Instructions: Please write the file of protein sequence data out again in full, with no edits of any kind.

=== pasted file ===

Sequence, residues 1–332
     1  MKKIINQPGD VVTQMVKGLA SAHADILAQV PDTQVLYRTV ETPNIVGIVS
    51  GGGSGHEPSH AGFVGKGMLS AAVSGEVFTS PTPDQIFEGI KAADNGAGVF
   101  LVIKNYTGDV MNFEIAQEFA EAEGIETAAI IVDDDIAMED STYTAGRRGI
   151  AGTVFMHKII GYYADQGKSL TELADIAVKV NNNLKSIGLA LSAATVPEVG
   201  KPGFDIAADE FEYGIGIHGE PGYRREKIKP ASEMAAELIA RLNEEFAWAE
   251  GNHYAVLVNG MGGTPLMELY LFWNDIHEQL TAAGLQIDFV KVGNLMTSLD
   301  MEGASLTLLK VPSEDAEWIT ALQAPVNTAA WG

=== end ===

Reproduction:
Sequence, residues 1–332
     1  MKKIINQPGD VVTQMVKGLA SAHADILAQV PDTQVLYRTV ETPNIVGIVS
    51  GGGSGHEPSH AGFVGKGMLS AAVSGEVFTS PTPDQIFEGI KAADNGAGVF
   101  LVIKNYTGDV MNFEIAQEFA EAEGIETAAI IVDDDIAMED STYTAGRRGI
   151  AGTVFMHKII GYYADQGKSL TELADIAVKV NNNLKSIGLA LSAATVPEVG
   201  KPGFDIAADE FEYGIGIHGE PGYRREKIKP ASEMAAELIA RLNEEFAWAE
   251  GNHYAVLVNG MGGTPLMELY LFWNDIHEQL TAAGLQIDFV KVGNLMTSLD
   301  MEGASLTLLK VPSEDAEWIT ALQAPVNTAA WG